Travellers will eventually be able to fly to an airport in Singapore where robots check-in bags, self-driving vehicles ferry luggage to aircraft and future pandemics pose little disruption.
Regularly voted among the world’s best airports, Singapore Changi Airport's new Terminal 5 is designed to be "pandemic proof".
Revised designs created during Covid-19 lockdowns will allow airport authorities to easily adjust passenger capacity, isolate individuals and employ other safety measures during any future crisis.
Expected to open in the next decade, the new terminal building could serve as a model for others in the future.
With a surplus of autonomous technology including robots, eye scanners and artificial intelligence-powered turnstiles, T5 will have the functionality to operate as smaller sub-terminals when needed, with convertible spaces for use during contingencies, such as for testing operations or the segregation of high-risk passengers.
Construction is expected to begin in two years. When complete, T5 will be able to handle about 50 million passengers per year — more than the existing T1 and T3 terminals combined.
The terminal will reduce its carbon footprint using solar panels and smart building management systems. It will also be set up for viable fuel alternatives such as sustainable aviation fuel, which is the future of green flying and can reduce the life-cycle carbon footprint of aviation fuel by up to 80 per cent.
But it’s not all functional.
Inspired by Changi’s Jewel — which is home to the world’s largest indoor waterfall — T5 is also set to become a landmark attraction filled with greenery and nature where families and friends can enjoy shared experiences. The existing terminals at Changi Airport are filled with passenger-friendly facilities, exhibitions, attractions and luxury shopping and the new terminal will follow suit.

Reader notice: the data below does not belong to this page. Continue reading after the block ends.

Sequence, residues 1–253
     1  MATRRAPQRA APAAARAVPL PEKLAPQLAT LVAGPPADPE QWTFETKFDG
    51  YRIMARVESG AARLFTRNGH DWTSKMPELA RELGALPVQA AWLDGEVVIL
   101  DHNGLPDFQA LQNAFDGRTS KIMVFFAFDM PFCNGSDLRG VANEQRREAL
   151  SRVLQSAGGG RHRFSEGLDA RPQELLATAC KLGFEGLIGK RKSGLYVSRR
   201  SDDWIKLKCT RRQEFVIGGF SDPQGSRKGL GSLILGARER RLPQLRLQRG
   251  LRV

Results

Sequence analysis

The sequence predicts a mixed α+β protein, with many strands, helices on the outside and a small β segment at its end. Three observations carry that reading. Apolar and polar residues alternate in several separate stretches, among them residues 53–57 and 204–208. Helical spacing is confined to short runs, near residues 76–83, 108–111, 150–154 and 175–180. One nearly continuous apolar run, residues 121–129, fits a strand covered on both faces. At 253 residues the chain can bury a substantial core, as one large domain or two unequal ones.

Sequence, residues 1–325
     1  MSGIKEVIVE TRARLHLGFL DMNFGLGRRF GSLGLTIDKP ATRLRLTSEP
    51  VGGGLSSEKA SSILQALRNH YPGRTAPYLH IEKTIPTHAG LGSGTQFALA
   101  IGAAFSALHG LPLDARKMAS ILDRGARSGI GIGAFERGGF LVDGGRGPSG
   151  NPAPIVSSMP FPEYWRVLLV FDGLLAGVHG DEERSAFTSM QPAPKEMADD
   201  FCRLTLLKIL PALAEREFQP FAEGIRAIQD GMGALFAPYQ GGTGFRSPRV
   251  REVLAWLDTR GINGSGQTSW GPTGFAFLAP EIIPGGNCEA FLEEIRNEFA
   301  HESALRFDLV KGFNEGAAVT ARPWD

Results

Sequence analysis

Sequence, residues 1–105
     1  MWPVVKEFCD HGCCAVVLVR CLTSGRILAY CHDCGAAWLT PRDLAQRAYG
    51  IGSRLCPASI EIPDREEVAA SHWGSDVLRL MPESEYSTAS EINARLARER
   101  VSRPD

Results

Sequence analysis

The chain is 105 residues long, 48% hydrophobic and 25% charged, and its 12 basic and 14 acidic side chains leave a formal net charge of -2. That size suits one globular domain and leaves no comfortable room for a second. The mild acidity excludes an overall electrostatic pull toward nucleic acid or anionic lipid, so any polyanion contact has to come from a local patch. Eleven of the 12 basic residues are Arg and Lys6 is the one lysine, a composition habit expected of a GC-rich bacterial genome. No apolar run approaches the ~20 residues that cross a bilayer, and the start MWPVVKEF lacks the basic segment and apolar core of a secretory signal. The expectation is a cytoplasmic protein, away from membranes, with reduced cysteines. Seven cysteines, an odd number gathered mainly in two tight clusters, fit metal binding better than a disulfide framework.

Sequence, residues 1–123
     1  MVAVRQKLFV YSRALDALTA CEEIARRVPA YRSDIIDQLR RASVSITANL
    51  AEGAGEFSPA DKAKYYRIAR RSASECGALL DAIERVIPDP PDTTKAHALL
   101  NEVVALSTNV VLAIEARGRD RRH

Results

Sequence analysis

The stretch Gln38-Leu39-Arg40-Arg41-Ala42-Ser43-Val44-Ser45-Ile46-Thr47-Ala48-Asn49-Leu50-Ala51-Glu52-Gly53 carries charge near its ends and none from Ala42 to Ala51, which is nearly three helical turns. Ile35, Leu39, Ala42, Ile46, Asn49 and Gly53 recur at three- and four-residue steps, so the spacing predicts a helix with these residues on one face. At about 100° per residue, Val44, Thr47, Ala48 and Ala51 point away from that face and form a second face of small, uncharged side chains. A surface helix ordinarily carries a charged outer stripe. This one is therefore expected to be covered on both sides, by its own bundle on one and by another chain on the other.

A third runway and 40 kilometres of new taxiway in the heart of Singapore
Changi Airport’s fifth terminal is part of the Changi East expansion project, which spans 1,080 hectares and introduces a three-runway system to the city-state.
Initially announced in 2013, the project by the Civil Aviation Authority of Singapore, Changi Airport Group and the Ministry of Transport was paused during Covid-19. The health emergency crushed the travel industry with flights grounded at airports around the world.
Now as travel resumes, work is under way to extend an existing third runway at the site of Changi East. Previously used only by military aircraft, the tarmac is being stretched from 2.75 kilometres to 4km so that the little-used strip can accommodate large commercial jets.
Under the extension plans, nearly 40km of new taxiways are also being built to connect the runway with the rest of Changi Airport. As one of the first parts of Changi East to open, the runway is scheduled to begin operations in the next few years.
Last month, Singapore’s Prime Minister Lee Hsien Loong said the new airport would be “more resilient, in particular to operate more safely and flexibly during a pandemic".
“In the longer term, air travel will keep growing because of the fast expanding middle-class in our region,” said Lee.
The International Air Transport Association has projected that the Asia-Pacific would be the fastest-growing region for air travel over the next two decades.